The result of your effort: a fully functional LINUX machine, with Internet access and device connectivity (USB headsets, mouse) just as your “real” laptop

My take, as a starter, on “Why Big Data”?

Whether in human or machine intelligence, one can think of two main categories of solution to problems. The first, is the kind of problem that has a deterministic, rule-based solution. The second, is a problem that a decision, or outcome, cannot be derived by a mathematical formula or a correlation of factors that are both fairly constant in volume and with equal weight to each other. How are those problems solved? By data. lots, and lots of data. While how we go from X to Y (whether Y is a category, a yes/no answer or a prediction) may not be known, we have sufficient sets of (X,Y) to feel confident that we can apply different models and decide which fits the data-set the closest, with the least amount of error or uncertainty.

Current technology, both in hardware processing and in software solutions, has allowed us to design systems that can store and analyze such datasets, in a manner much more economic and scalable than before. Big Data are anything that encompasses those datasets. The data itself, the technology and software solutions to store them in a manner that is efficient at scale, the procedures to unify different data sources and generalize or prepare the data for decision making, the intuition of the Data Scientists that understand the nature of the data, and the choice of tools to be used for a certain application, are all parts of the Big Data revolution.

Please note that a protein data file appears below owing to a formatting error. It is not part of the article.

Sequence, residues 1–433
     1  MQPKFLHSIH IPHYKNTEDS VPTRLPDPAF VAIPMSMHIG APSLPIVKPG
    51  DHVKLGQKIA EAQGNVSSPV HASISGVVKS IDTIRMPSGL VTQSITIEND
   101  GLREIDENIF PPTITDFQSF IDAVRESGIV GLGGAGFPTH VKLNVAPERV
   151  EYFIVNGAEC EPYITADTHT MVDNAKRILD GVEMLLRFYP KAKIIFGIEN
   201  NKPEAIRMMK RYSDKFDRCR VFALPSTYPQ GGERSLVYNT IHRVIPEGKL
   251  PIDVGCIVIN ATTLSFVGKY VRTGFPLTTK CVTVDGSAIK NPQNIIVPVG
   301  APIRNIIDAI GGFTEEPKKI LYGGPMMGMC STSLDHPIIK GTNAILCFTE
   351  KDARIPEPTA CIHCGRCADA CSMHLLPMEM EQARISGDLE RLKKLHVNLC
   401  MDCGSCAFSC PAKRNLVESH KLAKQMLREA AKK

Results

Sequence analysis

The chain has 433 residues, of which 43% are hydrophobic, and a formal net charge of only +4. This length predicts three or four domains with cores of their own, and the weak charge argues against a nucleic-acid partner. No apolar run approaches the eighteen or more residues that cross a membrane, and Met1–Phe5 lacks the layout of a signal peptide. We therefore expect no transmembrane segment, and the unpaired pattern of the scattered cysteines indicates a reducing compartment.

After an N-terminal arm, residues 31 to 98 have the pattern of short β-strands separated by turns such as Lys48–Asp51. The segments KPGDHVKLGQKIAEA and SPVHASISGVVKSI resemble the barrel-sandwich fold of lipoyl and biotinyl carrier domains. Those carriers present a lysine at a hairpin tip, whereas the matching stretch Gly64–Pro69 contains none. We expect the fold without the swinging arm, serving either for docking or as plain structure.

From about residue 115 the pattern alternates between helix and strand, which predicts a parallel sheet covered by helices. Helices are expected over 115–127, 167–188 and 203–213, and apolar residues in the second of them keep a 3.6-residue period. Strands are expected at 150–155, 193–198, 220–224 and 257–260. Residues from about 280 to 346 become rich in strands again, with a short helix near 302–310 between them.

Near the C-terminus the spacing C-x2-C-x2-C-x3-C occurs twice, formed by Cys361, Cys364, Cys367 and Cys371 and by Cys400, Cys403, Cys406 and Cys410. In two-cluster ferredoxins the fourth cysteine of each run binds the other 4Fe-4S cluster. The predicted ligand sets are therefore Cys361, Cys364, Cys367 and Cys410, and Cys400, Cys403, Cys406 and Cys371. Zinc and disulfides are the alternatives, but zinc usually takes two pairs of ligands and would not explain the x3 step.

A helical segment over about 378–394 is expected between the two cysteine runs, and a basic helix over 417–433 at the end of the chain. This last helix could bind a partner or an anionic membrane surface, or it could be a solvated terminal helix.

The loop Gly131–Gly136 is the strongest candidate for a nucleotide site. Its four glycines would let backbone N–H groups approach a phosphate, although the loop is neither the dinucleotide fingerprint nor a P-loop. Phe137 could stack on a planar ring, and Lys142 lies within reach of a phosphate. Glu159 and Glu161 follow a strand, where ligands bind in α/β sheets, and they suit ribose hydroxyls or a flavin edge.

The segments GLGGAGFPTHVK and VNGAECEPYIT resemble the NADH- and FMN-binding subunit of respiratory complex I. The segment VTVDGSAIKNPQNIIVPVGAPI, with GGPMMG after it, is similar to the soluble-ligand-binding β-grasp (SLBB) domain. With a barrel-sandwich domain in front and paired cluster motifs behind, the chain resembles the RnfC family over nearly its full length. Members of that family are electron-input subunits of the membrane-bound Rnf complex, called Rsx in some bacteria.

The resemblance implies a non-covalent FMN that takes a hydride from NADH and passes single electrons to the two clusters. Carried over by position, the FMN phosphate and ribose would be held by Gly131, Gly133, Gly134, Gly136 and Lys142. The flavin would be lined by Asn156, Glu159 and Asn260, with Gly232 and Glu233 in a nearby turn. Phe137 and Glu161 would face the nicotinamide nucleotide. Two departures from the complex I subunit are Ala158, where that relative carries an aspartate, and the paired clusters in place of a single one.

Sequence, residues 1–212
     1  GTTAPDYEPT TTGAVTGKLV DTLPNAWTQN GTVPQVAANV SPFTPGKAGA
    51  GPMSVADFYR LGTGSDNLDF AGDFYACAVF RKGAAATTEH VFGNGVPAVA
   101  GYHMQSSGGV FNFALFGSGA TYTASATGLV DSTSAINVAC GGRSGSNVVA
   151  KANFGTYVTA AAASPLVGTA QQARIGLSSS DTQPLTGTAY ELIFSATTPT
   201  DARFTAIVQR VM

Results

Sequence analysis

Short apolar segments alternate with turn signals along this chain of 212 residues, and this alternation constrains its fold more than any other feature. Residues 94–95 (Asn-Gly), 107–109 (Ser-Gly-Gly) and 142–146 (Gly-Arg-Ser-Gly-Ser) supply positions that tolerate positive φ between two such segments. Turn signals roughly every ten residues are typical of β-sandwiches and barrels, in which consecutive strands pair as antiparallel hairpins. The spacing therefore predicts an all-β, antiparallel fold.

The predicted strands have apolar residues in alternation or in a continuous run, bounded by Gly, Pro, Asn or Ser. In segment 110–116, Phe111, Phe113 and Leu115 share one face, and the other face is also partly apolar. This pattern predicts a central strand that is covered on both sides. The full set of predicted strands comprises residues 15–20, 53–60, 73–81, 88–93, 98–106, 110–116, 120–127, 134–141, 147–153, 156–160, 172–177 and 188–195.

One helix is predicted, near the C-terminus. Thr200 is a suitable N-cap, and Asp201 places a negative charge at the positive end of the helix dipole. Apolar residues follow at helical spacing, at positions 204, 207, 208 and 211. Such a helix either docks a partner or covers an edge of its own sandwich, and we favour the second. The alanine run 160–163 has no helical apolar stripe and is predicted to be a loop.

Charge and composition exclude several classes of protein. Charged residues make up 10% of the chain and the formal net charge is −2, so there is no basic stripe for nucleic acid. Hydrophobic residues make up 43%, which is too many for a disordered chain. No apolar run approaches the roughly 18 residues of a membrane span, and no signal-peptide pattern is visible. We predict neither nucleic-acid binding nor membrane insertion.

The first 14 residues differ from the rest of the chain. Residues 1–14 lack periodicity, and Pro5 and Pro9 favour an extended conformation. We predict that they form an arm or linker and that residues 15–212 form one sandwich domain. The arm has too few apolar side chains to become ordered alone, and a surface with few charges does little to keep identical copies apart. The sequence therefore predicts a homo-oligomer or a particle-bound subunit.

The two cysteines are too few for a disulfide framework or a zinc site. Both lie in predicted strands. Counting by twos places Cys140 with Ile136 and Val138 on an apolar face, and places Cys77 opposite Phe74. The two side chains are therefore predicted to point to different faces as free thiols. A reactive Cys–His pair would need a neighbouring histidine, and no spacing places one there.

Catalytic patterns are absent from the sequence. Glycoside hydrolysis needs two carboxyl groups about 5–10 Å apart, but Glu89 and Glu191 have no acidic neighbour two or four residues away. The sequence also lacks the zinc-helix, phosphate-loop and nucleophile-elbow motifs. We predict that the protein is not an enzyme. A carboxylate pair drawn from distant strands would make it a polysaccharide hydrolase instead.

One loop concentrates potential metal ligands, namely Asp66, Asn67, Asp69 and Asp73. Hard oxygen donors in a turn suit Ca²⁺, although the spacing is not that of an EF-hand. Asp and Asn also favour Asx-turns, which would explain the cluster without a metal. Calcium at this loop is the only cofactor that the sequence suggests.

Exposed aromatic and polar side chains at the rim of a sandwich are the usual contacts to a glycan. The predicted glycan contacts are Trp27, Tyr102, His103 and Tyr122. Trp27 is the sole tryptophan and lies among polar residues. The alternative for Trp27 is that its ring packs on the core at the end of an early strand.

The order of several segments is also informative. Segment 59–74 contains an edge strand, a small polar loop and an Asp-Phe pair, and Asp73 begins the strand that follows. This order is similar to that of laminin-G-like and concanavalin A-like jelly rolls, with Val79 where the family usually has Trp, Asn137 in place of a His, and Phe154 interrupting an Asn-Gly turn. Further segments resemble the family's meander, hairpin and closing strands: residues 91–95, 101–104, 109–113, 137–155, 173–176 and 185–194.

It would be interesting to discuss with comments from your side, what kind of problem you would categorize in which of the two cases (or possibly a different one). Thank you in advance

How to install Java JDK 1.8 on Windows 10 Home